mindset of digital delivery over retail sales, Linux gains
    ground. Perhaps you don't think that transition is happening,
    but I do. It is a broad consequence of Internet growth over the
    last decade, and it reaches much farther then just software.

    When you are dealing with intangible products, the Internet wins.

    >> Perhaps you are not looking in the right places? I see plenty of
    >> growth here in the US, and published stats claim the US is lagging
    >> Europe in desktop expansion.

    >
    > Where am I supposed to look? I am yet to visit one single business using
    > it. The odd SW house attempting a port "in case", but that's about it.


    Try surfing the job boards and then go on some interviews at
    places looking for Linux professionals. I'm sure at least a
    few of those places will have desktop Linux systems.

    I'm finding it in plenty of businesses, usually in engineering
    or support departments that work with Linux product development
    or server infrastructure. Those people demand Linux desktops
    to better do their jobs. Linux proves itself as a viable
    desktop in those areas, is adopted at home by some, expands
    into call center... its like watching a mold colony slowly
    take over a basket of fruit.

    Thad
    --
    Yeah, I drank the Open Source cool-aid... Unlike the other brand, it had
    all the ingredients on the label.

  3. Re: Who seriously uses Linux here for serious work?

    Linonut writes:

    > * Peter Köhlmann peremptorily fired off this memo:
    >
    >> Hadron wrote:
    >>>
    >>> Where am I supposed to look? I am yet to visit one single business using
    >>> it. The odd SW house attempting a port "in case", but that's about it.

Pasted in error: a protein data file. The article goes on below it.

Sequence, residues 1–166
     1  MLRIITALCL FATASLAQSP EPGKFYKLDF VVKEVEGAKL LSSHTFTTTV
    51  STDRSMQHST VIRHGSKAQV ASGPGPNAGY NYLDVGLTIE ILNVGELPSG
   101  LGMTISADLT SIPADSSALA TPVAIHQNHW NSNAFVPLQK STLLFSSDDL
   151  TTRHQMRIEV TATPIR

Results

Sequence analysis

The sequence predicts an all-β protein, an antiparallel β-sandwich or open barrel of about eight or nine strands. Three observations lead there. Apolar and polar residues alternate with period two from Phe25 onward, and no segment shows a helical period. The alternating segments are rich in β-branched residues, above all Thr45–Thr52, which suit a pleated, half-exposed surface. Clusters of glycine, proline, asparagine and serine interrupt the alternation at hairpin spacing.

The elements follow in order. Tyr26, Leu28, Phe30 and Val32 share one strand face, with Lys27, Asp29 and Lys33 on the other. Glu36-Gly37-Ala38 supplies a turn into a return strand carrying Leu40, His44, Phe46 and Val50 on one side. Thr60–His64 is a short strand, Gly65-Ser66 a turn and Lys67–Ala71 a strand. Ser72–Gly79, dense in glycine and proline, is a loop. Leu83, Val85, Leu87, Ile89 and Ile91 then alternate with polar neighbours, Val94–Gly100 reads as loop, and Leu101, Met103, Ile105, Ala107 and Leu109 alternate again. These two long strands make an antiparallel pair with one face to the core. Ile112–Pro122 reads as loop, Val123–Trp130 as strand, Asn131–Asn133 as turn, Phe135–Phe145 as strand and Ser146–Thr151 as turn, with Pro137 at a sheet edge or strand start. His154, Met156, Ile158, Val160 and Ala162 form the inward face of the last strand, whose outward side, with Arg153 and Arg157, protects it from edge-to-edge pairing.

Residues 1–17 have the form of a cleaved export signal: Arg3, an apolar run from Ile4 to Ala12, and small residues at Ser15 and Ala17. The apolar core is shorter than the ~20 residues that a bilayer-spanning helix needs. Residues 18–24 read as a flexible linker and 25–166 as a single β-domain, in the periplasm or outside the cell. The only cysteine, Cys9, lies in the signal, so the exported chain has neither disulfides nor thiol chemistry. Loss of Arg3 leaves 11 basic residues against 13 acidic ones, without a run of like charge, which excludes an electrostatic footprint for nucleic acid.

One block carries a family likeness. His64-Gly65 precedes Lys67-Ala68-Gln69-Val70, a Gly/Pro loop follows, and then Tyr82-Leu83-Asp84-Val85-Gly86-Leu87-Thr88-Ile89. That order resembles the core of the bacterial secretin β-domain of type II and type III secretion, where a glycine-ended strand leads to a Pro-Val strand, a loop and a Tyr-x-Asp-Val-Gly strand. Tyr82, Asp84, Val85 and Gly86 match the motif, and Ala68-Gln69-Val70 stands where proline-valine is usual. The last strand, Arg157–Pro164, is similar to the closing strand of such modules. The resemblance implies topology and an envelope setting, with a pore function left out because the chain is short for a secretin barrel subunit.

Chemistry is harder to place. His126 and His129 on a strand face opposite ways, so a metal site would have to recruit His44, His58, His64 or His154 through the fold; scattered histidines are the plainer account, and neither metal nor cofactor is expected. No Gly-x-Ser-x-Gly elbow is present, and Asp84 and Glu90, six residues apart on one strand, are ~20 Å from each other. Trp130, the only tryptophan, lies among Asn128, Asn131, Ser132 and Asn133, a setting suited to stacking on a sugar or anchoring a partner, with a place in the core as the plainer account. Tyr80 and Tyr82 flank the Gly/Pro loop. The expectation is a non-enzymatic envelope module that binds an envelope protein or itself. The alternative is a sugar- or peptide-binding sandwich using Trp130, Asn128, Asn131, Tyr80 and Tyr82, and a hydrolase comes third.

>>
    >> Because you don't want to see it.
    >> Last year business in germany was questioned about linux use. Guess what:
    >> 80% of them already where using linux, and most indicated that they would
    >> use it more than they did at the time of questioning


    80% of them? Bull****. Pure and utter bull****. I suspect about 50-70%
    have Linux servers *possibly*. But we are talking desktops and you know
    it. And I don't count their web host!

    >
    > He should stop in Lowe's and look at their computer kiosks.
    >
    > He should ask about the IBM checkout systems and IBM's Linux strategy.
    >
    > http://www-03.ibm.com/systems/servic...bc/topics.html
    >
    > Linux in Retail
    > Are you ready for Linux? Come learn how major retailers are getting
    > the most out of running Linux in their retail store environment.
    > Together with our partner, Novell, you'll get a chance to hear how
    > Linux compares to Windows for managing your store environment.
    >
    > Anwyay, the news about Dell, Walmart, Asustek, OLPC, and Kindle should
    > convince even the most obstreperous, obstinate, and obtuse sceptic that
    > things are starting to accelerate in the Linux arena, in spite of the
    > best efforts of Microsoft and its partners.


    "starting", "next year", blah blah. I keep reading all this, but I'm not
    seeing this huge % which is constantly paraded around here.

  4. Re: Who seriously uses Linux here for serious work?

    "Linonut" stated in post
    1Iskj.59464$N67.49662@bignews5.bellsouth.net on 1/19/08 1:12 PM:

    > * Snit peremptorily fired off this memo:
    >
    >> But you do need to figure out that code and hope that it is well written and
    >> then have people who are not the original coders try to add their own style
    >> to it. Sometimes this is not a big deal. Sometimes it is.

    >
    > No you don't. You first need to exercise the code. Then you decide if
    > you want to modify it or use something else. Then you decided if it is
    > better to code it yourself or buy a solution. If you go the latter
    > route, you have to go through the evaluation process all over again.
    >